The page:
Picture of neon light reading 'Open'

Discover open research at Strathprints as part of International Open Access Week!

23-29 October 2017 is International Open Access Week. The Strathprints institutional repository is a digital archive of Open Access research outputs, all produced by University of Strathclyde researchers.

Explore recent world leading Open Access research content this Open Access Week from across Strathclyde's many research active faculties: Engineering, Science, Humanities, Arts & Social Sciences and Strathclyde Business School.

Explore all Strathclyde Open Access research outputs...

The viscoelastic properties of the vitreous humor measured using an optically trapped local probe

Watts, Fiona and Tan, Lay Ean and Tassieri, Manlio and McAlinden, Niall and Wilson, Clive and Girkin, John and Wright, Amanda (2011) The viscoelastic properties of the vitreous humor measured using an optically trapped local probe. In: SPIE Optics and Photonics, 2011-08-21 - 2011-08-25.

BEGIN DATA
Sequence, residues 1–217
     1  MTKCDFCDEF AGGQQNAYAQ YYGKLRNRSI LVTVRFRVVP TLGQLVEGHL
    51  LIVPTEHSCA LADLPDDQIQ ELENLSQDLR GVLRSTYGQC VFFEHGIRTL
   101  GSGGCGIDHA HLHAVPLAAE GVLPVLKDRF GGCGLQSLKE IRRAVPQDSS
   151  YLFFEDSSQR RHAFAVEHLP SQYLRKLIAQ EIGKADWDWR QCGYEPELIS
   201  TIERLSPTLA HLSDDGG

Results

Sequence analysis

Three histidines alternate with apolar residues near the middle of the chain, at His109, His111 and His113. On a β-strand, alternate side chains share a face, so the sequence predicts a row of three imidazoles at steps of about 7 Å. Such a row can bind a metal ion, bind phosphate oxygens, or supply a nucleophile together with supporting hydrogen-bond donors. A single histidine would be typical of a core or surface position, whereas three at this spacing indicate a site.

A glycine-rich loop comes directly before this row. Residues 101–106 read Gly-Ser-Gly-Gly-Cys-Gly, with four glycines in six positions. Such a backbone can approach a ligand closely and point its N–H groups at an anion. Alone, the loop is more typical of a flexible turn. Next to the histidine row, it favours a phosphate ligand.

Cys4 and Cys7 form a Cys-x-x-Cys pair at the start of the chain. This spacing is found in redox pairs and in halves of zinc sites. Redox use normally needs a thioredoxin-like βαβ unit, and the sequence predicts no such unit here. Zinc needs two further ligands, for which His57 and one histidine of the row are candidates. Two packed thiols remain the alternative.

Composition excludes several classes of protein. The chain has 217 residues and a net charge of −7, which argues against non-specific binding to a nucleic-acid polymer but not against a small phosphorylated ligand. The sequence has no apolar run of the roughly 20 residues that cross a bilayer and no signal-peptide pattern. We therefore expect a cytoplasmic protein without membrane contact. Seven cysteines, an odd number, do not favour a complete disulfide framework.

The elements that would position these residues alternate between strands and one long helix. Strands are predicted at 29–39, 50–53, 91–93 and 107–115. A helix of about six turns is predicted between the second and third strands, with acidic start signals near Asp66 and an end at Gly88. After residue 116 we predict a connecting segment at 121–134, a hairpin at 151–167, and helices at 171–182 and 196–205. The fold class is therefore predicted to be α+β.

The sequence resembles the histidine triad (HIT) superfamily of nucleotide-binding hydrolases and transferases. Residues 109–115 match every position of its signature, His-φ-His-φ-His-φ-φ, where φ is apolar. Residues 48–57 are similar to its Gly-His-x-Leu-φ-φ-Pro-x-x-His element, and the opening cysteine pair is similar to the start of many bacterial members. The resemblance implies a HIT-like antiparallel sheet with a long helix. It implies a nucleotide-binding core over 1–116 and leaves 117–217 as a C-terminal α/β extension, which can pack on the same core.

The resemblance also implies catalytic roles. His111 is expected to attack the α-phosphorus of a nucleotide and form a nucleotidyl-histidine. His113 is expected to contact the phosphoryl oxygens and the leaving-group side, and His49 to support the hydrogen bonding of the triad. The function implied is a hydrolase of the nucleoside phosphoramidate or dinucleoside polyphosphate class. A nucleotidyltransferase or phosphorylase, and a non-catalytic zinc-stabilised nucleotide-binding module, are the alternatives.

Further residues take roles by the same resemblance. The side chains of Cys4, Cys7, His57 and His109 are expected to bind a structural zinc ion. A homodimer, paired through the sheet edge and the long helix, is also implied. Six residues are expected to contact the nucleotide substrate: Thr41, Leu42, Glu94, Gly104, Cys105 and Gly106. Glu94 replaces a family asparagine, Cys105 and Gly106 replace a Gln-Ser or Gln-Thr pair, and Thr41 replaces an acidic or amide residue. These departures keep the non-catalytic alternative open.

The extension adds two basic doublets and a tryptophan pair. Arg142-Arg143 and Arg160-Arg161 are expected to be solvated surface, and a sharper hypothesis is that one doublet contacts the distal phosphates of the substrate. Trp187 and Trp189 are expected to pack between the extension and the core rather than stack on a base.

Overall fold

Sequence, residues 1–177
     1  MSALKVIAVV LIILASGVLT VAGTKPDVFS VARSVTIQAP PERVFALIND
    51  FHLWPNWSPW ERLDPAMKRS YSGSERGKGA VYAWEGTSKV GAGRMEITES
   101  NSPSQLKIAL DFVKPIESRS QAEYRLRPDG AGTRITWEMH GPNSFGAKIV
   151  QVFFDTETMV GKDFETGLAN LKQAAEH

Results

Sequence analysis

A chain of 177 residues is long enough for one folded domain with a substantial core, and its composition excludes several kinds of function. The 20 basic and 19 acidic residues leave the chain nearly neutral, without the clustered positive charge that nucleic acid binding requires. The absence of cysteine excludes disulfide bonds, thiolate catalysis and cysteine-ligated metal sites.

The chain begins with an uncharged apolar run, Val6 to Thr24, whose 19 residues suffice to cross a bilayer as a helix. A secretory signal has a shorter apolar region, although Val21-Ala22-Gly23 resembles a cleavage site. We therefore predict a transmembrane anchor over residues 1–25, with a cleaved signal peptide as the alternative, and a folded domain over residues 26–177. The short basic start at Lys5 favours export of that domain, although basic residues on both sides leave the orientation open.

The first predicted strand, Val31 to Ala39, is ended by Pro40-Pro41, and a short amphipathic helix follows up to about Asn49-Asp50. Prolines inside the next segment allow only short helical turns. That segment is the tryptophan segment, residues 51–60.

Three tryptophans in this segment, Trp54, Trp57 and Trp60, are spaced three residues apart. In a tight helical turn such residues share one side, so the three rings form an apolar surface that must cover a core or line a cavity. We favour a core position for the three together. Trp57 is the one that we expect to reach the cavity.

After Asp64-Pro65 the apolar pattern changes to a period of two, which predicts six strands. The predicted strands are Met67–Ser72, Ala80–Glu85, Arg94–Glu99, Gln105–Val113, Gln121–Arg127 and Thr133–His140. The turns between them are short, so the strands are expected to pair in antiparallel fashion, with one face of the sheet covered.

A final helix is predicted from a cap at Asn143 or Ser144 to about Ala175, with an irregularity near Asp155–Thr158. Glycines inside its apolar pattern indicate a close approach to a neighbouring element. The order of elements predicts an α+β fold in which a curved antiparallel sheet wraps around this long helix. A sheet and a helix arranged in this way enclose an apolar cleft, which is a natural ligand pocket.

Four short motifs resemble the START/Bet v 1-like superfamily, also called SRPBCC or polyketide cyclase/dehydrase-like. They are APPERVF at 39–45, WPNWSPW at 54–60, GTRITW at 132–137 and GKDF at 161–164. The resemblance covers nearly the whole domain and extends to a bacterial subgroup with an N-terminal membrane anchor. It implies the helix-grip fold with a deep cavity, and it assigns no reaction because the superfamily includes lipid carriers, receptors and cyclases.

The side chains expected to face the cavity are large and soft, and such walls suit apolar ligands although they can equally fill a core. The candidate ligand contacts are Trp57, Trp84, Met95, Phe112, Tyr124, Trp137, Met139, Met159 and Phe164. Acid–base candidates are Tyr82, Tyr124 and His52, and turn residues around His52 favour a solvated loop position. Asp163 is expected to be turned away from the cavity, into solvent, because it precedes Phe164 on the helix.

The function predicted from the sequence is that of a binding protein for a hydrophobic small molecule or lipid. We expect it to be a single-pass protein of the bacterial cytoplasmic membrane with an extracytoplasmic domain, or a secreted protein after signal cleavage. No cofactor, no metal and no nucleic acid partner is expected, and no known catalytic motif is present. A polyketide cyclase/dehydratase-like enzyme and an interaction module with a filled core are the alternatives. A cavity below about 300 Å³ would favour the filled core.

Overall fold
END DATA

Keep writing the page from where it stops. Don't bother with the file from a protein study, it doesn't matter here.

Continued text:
Full text not available in this repository. Request a copy from the Strathclyde author

Abstract

We present results demonstrating for the first time that an optically trapped bead can be used as a local probe to measure the variation in the viscoelastic properties of the vitreous humor of a rabbit eye. The Brownian motion of the optically trapped bead was monitored on a fast CCD camera on the millisecond timescale. Analysis of the bead trajectory provides local information about the viscoelastic properties of the medium surrounding the particle. Previous, bulk, methods for measuring the viscoelastic properties of the vitreous destroy the sample and allow only a single averaged measurement to be taken per eye. Whereas, with our approach, we were able to observe local behaviour typical of non-Newtonian and gel-like materials, along with the homogenous and in-homogeneous nature of different regions of the dissected vitreous humor. The motivation behind these measurements is to gain a better understanding of the structure of the vitreous humor in order to design effective drug delivery techniques. In particular, we are interested in methods for delivering drug to the retina of the eye in order to treat sight threatening diseases such as age related macular degeneration.